It is, therefore, an object of the present invention to provide a multicolor liquid crystal display cell which can overcome the shortcomings encountered in the prior art.
It is another object of the present invention to provide a multicolor liquid crystal display cell which possesses a superior design and a high commercial value.
These objects are attained by means of a unitary construction in which a non-transparent thin layer is formed on a transparent member such as the polarizing or glass plates that constitute a liquid crystal display cell and are stacked on the boundary line between colors of adjacent display segment blocks so as to cover the boundary line.
These and other objects, features and advantages of the present invention will become more apparent from the following description when taken in conjunction with the accompanying drawings, in which:
FIG. 1 is a plan view, as seen from the display side, of a preferred embodiment of a multicolor liquid crystal display cell according to the present invention;
FIG. 2 is a side view of FIG. 1; and
FIG. 3 is a rear view of FIG. 1.
In the drawings, a multicolor liquid crystal display cell comprises an upper glass plate 10 and a lower glass plate 12 between which a liquid crystal material is disposed, although not shown. Reference numeral 14 denotes an upper polarizing plate, 16 a lower polarizing plate having the same color as polarizing plate 14 but an angle of polarization that differs by 90°, and 18 a lower polarizing plate having the same polarizing direction as polarizing plate 16 but possessing a different color.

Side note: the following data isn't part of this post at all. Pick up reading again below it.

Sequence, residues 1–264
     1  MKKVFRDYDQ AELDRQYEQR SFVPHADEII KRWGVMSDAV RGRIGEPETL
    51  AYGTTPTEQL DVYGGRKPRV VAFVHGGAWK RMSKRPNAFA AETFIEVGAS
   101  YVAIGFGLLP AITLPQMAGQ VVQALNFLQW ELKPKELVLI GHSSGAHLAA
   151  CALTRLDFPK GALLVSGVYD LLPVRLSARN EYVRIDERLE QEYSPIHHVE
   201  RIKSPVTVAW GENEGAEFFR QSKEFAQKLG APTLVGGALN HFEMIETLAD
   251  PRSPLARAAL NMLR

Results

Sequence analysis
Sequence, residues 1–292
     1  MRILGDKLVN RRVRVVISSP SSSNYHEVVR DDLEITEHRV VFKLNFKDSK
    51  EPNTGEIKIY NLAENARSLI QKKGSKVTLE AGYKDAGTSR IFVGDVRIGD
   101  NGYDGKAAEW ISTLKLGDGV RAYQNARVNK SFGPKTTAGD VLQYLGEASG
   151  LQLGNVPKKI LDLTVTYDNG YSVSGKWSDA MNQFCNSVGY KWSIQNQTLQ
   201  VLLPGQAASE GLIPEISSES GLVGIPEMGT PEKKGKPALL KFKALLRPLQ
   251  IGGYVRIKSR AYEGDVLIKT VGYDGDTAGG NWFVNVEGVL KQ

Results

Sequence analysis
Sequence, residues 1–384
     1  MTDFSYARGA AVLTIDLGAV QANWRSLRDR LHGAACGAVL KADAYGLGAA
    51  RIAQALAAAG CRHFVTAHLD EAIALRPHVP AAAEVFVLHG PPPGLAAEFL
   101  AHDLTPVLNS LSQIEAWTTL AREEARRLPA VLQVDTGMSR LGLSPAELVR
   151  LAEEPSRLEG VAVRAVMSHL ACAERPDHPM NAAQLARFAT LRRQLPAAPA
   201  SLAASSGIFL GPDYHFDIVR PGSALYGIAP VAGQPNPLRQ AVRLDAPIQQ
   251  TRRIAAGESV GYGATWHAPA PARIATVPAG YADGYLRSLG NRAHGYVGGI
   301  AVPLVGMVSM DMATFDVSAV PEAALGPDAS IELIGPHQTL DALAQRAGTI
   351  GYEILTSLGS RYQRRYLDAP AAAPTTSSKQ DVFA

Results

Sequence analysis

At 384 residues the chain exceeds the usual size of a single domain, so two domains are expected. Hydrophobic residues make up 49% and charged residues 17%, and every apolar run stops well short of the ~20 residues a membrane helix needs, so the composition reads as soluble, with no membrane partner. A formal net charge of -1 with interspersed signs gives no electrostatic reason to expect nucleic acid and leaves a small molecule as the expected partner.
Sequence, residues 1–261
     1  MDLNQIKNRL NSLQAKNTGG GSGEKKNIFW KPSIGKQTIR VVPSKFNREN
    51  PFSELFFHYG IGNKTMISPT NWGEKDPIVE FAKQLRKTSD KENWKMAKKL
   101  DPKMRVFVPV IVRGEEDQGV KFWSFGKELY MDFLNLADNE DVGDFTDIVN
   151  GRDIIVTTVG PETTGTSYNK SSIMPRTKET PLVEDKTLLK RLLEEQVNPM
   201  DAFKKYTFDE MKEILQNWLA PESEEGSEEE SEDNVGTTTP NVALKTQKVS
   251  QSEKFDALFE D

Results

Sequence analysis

In FIG. 1 can be seen the various segments that are displayed by the liquid crystal cell, in which the display segment blocks are divided by thin film 20 of a non-transparent material into a display segment block A for displaying hours, minutes, seconds, AM and PM time information, and a display segment block B comprised of function mode marks which indicate the modes that relate to the information displayed in block A. The thin film or layer 20 may be disposed on one of the upper glass plate 10 and the upper polarizing plate 14 by printing a paint or any other suitable technique.